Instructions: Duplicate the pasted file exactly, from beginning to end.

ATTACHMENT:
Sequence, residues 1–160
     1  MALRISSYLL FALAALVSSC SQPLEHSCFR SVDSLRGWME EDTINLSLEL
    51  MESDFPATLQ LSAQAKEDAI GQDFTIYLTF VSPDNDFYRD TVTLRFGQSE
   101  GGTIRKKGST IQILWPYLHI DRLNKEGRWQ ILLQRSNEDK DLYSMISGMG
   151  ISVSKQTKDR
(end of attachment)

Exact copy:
Sequence, residues 1–160
     1  MALRISSYLL FALAALVSSC SQPLEHSCFR SVDSLRGWME EDTINLSLEL
    51  MESDFPATLQ LSAQAKEDAI GQDFTIYLTF VSPDNDFYRD TVTLRFGQSE
   101  GGTIRKKGST IQILWPYLHI DRLNKEGRWQ ILLQRSNEDK DLYSMISGMG
   151  ISVSKQTKDR